Fig. 3
figure3

 Circos map of RAFS homologous gene pairs among G. arboreum, G. raimondii, G. barbadense, and G. hirsutum 

Expression analysis of RAFS genes in G. hirsutum

To investigate the possible functional roles of different RAFS homologs in G. hirsutum, we analyzed the expression patterns of a total of 25 G. hirsutum candidate RAFS genes based on published RNA-seq data (Fig. 4, Additional file 3: Table S3). The expression profiles were analyzed for seeds, roots, cotyledons, ovules and fibers, as well as different time series of seeds under conditions of cold, heat, salt and drought stresses. As shown in Fig. 4b, the GhRFS genes in clades I and IV were almost not expressed in the development processes of seed, cotyledon and root, whereas the genes in clade II were partially expressed with GhRFS12A, GhRFS11A and GhRFS11D having the highest expression level in the early stage of seed germination. In clade III, GhRFS1A, GhRFS2D, GhRFS8A and GhRFS8D had the highest expression level in any of the tissues, which indicates that these four genes may play vital roles in promoting the vegetative growth of G. hirsutum. For the RAFS gene expression profile during development stages of ovule and fiber, results showed that the four genes GhRFS9D, GhRFS7D, GhRFS8D and GhRFS2D were not expressed, while the other genes were expressed (Fig. 4c). Genes in subfamilies I and IV were also not expressed, and some genes in subfamily II were expressed. For instance, GhRFS11D was partially expressed and had the highest expression level at 25 DPA of ovule development. In clade III, the genes GhRFS1A and GhRFS2D were expressed during ovule development, but the relative expression level decreased compared with that during the development of the seed, cotyledon and root, indicating that the genes may play a certain role in the early development stage of the ovule. Similarly, GhRFS4A, GhRFS4D and GhRFS8A were highly expressed in the early development stage of the ovule but were decreased at 20–35 DPA.

Fig. 4
figure4

Promoters and expression analysis of GhRFS genes in G. hirsutum a Neighbor-joining phylogenetic tree of the GhRFS gene family in G. hirsutum. b Expression profile of GhRFS genes in the development process of seed, cotyledon and root. c Expression profile of GhRFS genes in the development process of ovule and fiber. d Expression profile of GhRFS genes under cold, hot, salt and PEG stress. e cis-elements in promoters of RAFS genes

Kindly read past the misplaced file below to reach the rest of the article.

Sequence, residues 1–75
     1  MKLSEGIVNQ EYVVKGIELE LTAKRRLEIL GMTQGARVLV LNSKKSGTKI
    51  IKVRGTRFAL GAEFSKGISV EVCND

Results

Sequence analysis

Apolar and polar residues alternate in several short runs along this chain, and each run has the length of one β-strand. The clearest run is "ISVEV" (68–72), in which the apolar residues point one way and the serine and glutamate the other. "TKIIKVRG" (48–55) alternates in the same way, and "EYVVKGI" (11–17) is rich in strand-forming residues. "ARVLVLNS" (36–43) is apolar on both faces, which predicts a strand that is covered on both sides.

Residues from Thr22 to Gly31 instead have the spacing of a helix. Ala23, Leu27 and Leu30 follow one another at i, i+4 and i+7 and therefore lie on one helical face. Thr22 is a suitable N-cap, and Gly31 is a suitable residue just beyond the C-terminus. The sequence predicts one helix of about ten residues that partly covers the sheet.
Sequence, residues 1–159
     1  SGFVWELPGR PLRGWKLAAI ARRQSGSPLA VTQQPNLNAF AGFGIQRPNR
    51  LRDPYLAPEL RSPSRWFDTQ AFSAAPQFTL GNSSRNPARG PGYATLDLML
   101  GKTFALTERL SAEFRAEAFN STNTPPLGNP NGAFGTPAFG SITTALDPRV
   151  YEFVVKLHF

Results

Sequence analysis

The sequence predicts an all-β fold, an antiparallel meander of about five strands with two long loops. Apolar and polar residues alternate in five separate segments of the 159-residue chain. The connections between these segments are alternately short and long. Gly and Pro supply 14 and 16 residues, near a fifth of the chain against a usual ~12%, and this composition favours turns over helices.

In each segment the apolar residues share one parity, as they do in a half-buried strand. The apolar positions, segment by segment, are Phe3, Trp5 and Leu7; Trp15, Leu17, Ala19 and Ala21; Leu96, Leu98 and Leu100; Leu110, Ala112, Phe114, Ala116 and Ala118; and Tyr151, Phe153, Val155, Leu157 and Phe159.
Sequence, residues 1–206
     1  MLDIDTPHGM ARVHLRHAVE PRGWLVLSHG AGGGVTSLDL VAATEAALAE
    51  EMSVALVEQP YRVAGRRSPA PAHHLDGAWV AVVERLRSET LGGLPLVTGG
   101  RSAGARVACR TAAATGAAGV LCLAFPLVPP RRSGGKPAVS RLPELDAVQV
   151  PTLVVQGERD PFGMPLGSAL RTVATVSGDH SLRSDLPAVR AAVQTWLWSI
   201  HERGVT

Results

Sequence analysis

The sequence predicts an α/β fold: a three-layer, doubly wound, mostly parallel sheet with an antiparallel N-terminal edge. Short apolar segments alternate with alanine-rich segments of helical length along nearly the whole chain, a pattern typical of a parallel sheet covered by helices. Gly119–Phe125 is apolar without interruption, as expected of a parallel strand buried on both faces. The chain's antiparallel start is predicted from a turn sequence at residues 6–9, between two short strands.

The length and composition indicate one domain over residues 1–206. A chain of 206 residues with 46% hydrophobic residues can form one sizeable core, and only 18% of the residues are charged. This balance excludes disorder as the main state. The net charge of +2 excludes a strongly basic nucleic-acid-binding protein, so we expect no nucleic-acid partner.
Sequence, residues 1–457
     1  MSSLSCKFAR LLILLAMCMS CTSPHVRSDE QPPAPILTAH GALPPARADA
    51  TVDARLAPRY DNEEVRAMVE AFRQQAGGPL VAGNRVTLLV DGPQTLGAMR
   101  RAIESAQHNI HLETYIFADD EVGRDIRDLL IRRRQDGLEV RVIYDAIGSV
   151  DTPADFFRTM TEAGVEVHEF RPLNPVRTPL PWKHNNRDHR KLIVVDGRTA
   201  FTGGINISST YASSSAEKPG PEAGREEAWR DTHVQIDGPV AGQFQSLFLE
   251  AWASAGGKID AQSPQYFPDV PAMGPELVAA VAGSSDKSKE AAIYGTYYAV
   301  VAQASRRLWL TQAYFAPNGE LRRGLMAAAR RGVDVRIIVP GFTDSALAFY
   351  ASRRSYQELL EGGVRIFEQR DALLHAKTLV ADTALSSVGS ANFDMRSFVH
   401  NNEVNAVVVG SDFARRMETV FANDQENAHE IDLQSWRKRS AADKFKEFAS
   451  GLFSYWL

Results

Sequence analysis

To further assess the potential role of G. hirsutum RAFS genes in response to abiotic stress processes, we analyzed gene expression patterns under different abiotic stress conditions (Fig. 4d). Genes GhRFS1A and GhRFS2D were highly expressed in all of the abiotic stress conditions. The expression levels of GhRFS8A and GhRFS8D were relatively low at early stages of abiotic stress (cold, heat, salt and drought stresses), while it sharply increased in the late stages, which suggested that these genes may be involved in responding to abiotic stresses by over-expression to increase raffinose content when subjected to abiotic stresses. Noteworthy, not all of the genes from the same clade, with similar sequences, had the same expression level and gene functions. For example, most of the other GhRFS genes were not expressed or lowly expressed in any of the abiotic stress conditions. Moreover, to clarify whether cis-acting elements influenced the expression levels, we analyzed the 2000 bp sequence upstream of the start codon of GhRFS gene. The results showed that the promoters of almost all GhRFS contained hormone-related cis-acting elements, such as GA3, except for GhRFS6A, GhRFS11D and GhRFS6A. In addition, GhRFS1A, GhRFS2D, GhRFS8A and GhRFS8D, expressed highly under abiotic stress conditions, specifically possessed cis-acting elements MYB and ANX, which proved to be relevant to abiotic stresses in plants (Fig. 4e).

Co-expression network of GhRFS genes under abiotic stress

Pearson’s correlation coefficient was frequently used to construct the gene co-expression network. In this study, the method was used to construct the co-expression networks of 25 GhRFS genes in G. hirsutum to further understand its role in abiotic stresses (Fig. 5). As a result, 166 gene pairs were positively correlated and 111 gene pairs were negatively correlated under cold stress (Fig. 5a) with hub genes GhRFS3A, GhRFS6A, GhRFS8A, GhRFS9A and GhRFS6D. Similarly, 177 gene pairs and 77 gene pairs were positively and negatively correlated, respectively, under heat stress with hub genes GhRFS2A, GhRFS5A, GhRFS6A, GhRFS9A and GhRFS6D (Fig. 5b). Under salt stress, 198 gene pairs were positive correlated and 79 gene pairs were negative correlated with hub genes GhRFS5A, GhRFS9A, GhRFS10A, GhRFS11A and GhRFS10D (Fig. 5c). Moreover, 134 gene pairs were positively correlated and 120 gene pairs were negatively correlated under drought stress with hub genes GhRFS4A, GhRFS6A, GhRFS9A, GhRFS10A and GhRFS7D (Fig. 5d). Co-expression network analysis indicated that these hub GhRFS genes in the network may play an important role in responding to abiotic stress of cold, heat, salt and drought for G. hirsutum.